[Haskell] Re: ANN: Efficient, dynamically compiled, lazy functional semantics on JVM, having tight integration with the Java language

apfelmus at quantentunnel.de apfelmus at quantentunnel.de
Fri Sep 29 09:28:04 EDT 2006

I'd like to summarize why you chose to create a new language instead of
a Haskell->JVM backend and to throw in ideas which address these points
in Haskell.

> 1. Java
> 2) Why did we create CAL instead of just using Haskell?
> 2)b) CAL is a low-risk choice for business applications
> 2)c) Programs do not need to be entirely written,
>   or even primarily written in CAL
> 2)d) CAL seeks to be as comfortable as possible for mainstream
>   developers to use
> 3. Simple syntax, appropriate features

The functional stuff should be integrated as tightly as possible with
Java which means a foreign function interface that blurs the lines and
using the JVM runtime and its garbage collector.

When it goes to marshaling, the Haskell FFI does not blur anything.
Perhaps this could be remedied by adding a foreign data interface:

foreign data c-struct Foo { bar :: Int, bar2 :: Bool }
foreign export foobar :: Foo -> Int
foobar f = (if bar2 f then id else negate) $ bar f

foreign data java-object Foo { bar :: Int, bar2 :: Bool, foobar :: Foo
-> Int}

so that foreign data things become first class values.

In the paper "Strongly typed memory areas", something similar is done
for memory areas. The type of such areas gets a special kind different
from *. For conservative reasons, this could be done here, too. With
some form of kind polymorphism, one could trash all CInt and the like
and have the kind annotation (Int :: forall * . *). The function (+)
f.i. could then be specialized for (CInt :: C) and Haskell (Int :: *).

The main problem is an embedding of System F into Java (or any other
foreign language, strictly speaking -fvia-C already provides such an
embedding) with the additional property that "normal functions" are
exported *without marshaling*. Viewed as a mathematical map, the
embedding should be a projection, so to speak. Maybe a kind system can
help: everything that can be exported transparently gets a "simple" kind
and is automatically exported/imported. So (foreign export) and (foreign
import) should be dropped altogether. Those things using System F
features (polymorphism, rank-n-types etc.) get a complicated kind which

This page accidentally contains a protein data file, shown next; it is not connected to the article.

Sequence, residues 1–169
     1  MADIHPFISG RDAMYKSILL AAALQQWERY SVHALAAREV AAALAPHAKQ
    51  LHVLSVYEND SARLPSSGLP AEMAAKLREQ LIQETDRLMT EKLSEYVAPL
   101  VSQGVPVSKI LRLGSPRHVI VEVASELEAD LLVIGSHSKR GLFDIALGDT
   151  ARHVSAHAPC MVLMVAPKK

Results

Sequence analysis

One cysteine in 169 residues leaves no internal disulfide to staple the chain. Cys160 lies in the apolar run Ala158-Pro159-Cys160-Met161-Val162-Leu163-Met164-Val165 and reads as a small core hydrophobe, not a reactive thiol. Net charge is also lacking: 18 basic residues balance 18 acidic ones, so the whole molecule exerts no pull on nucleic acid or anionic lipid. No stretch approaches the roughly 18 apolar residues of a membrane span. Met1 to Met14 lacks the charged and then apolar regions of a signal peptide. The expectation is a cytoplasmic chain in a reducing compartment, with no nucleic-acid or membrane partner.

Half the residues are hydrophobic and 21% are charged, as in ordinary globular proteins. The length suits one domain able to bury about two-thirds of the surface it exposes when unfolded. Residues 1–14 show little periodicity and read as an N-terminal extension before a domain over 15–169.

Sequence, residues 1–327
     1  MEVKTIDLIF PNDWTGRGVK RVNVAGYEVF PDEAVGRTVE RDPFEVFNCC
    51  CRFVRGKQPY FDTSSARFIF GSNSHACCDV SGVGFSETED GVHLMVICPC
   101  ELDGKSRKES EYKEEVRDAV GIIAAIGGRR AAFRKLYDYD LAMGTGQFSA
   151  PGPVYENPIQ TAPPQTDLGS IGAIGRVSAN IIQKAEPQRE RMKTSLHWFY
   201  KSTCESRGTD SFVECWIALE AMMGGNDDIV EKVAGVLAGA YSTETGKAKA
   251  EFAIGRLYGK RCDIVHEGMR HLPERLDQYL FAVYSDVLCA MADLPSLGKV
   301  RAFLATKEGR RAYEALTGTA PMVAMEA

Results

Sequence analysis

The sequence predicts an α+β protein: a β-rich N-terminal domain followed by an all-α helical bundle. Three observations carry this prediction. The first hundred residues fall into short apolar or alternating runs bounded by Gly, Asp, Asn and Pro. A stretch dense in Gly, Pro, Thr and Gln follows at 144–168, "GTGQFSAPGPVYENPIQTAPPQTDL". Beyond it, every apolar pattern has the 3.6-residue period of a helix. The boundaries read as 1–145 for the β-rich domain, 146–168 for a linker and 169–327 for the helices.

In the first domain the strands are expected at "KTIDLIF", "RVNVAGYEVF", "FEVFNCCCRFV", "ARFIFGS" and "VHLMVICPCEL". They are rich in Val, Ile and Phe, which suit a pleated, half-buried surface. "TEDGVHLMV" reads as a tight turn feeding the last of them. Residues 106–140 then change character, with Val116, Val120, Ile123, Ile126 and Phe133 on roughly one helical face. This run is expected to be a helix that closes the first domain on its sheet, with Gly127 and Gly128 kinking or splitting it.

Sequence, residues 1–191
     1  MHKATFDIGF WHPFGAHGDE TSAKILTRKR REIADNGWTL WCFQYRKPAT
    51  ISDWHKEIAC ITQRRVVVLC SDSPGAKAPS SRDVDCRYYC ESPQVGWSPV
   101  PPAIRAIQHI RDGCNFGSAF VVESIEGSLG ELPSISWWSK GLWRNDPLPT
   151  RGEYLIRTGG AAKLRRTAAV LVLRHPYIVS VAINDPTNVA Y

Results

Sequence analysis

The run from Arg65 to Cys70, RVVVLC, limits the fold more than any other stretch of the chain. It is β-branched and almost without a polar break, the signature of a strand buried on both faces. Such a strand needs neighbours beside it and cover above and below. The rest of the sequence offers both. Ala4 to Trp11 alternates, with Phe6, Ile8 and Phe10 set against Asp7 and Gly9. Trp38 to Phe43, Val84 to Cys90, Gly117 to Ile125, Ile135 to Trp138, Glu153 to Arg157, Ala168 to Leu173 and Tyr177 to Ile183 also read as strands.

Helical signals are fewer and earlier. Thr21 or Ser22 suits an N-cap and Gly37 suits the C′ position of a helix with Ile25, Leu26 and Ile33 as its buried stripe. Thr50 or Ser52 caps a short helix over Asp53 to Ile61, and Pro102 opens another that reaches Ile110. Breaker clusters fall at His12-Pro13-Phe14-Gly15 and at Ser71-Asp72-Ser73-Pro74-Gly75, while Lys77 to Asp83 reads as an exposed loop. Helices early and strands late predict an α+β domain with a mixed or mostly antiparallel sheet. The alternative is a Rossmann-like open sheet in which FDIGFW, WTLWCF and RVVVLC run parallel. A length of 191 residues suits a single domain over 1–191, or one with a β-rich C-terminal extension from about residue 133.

clearly marks them as "to be marshaled".

One tricky point is how to marshal laziness and it looks like Business
Objects solved this in a very pragmatic way (i.e. Java objects are
always strict)?
The point
> 3. CAL performance
also falls under this category: no marshaling means compiling to loops etc.

To summarize, there is a need for a very sophisticated foreign language
interface / foreign run-time system integration.

> 2. Dynamic compilation

With lambdabot, "Dynamic applications from the ground up" and
hs-plugins, there are some things underway.

Clean seems to offer a potent solution, where one can pattern match
against types:

foo :: Dynamic -> Dynamic -> Dynamic
foo (Dyn f :: a -> b) (Dyn x :: a) = Dyn (f a) :: b
foo _ _ = error "foo falls through"

Values of type Dynamic are/can be serialized which allows one to
serialize functions (!). I don't know exactly, but I think its even
possible to use the Clean compiler as a library and compile things at
runtime to values of type Dynamic. The paper "Towards a strongly typed
operating system" mentions some things in that direction.

Maybe there is no need for another language construct to allow the
pattern matching of types, some approach to generic programming à la
Hinze already could do things like that. Somehow, it becomes a problem
of representing and manipulating types at runtime.

Leaving aside the syntactic differences, I think that these two points
are actually the essence of what separates CAL from Haskell?

A minor motivation why busy enterprise business integration applications
need the two mentioned features might be:
1. Java is the "official machine architecture of business applications".
Point. At least, so it seems to me. The need for a foreign language
interface (software reuse!) is obvious, then.
2. Software for a banking-house that handles all the financial
transactions just cannot be shut down for bug fixing or rewrites. The
same goes for lambdabot :)


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